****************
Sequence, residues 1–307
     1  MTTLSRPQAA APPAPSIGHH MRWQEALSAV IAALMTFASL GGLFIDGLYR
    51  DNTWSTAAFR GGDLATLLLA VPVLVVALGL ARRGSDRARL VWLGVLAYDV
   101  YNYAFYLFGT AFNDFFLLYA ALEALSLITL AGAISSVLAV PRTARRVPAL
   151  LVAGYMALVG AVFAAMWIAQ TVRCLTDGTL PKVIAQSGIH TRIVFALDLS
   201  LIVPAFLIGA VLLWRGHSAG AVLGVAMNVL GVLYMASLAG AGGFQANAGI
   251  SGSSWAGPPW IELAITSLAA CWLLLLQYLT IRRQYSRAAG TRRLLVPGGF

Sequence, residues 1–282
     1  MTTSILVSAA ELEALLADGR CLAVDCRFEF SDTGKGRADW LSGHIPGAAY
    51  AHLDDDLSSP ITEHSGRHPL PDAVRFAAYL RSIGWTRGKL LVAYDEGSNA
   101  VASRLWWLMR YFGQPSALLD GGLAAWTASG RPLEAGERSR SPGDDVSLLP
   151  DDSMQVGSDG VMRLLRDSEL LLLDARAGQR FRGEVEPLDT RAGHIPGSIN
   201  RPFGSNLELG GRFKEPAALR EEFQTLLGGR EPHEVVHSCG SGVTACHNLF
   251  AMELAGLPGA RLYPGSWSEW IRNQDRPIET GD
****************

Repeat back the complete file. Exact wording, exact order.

Sequence, residues 1–307
     1  MTTLSRPQAA APPAPSIGHH MRWQEALSAV IAALMTFASL GGLFIDGLYR
    51  DNTWSTAAFR GGDLATLLLA VPVLVVALGL ARRGSDRARL VWLGVLAYDV
   101  YNYAFYLFGT AFNDFFLLYA ALEALSLITL AGAISSVLAV PRTARRVPAL
   151  LVAGYMALVG AVFAAMWIAQ TVRCLTDGTL PKVIAQSGIH TRIVFALDLS
   201  LIVPAFLIGA VLLWRGHSAG AVLGVAMNVL GVLYMASLAG AGGFQANAGI
   251  SGSSWAGPPW IELAITSLAA CWLLLLQYLT IRRQYSRAAG TRRLLVPGGF

Sequence, residues 1–282
     1  MTTSILVSAA ELEALLADGR CLAVDCRFEF SDTGKGRADW LSGHIPGAAY
    51  AHLDDDLSSP ITEHSGRHPL PDAVRFAAYL RSIGWTRGKL LVAYDEGSNA
   101  VASRLWWLMR YFGQPSALLD GGLAAWTASG RPLEAGERSR SPGDDVSLLP
   151  DDSMQVGSDG VMRLLRDSEL LLLDARAGQR FRGEVEPLDT RAGHIPGSIN
   201  RPFGSNLELG GRFKEPAALR EEFQTLLGGR EPHEVVHSCG SGVTACHNLF
   251  AMELAGLPGA RLYPGSWSEW IRNQDRPIET GD